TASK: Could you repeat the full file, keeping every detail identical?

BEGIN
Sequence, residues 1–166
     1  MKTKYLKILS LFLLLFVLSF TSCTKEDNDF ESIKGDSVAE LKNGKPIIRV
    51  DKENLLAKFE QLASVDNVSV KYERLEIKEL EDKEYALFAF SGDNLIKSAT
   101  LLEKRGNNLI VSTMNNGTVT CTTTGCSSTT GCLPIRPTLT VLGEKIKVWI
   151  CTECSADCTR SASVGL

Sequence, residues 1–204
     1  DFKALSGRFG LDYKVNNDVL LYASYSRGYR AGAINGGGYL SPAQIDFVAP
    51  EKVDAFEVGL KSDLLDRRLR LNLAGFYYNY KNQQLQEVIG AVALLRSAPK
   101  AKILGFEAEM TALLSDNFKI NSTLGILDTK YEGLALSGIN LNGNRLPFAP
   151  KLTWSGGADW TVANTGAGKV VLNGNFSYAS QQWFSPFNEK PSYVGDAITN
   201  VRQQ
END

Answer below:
Sequence, residues 1–166
     1  MKTKYLKILS LFLLLFVLSF TSCTKEDNDF ESIKGDSVAE LKNGKPIIRV
    51  DKENLLAKFE QLASVDNVSV KYERLEIKEL EDKEYALFAF SGDNLIKSAT
   101  LLEKRGNNLI VSTMNNGTVT CTTTGCSSTT GCLPIRPTLT VLGEKIKVWI
   151  CTECSADCTR SASVGL

Sequence, residues 1–204
     1  DFKALSGRFG LDYKVNNDVL LYASYSRGYR AGAINGGGYL SPAQIDFVAP
    51  EKVDAFEVGL KSDLLDRRLR LNLAGFYYNY KNQQLQEVIG AVALLRSAPK
   101  AKILGFEAEM TALLSDNFKI NSTLGILDTK YEGLALSGIN LNGNRLPFAP
   151  KLTWSGGADW TVANTGAGKV VLNGNFSYAS QQWFSPFNEK PSYVGDAITN
   201  VRQQ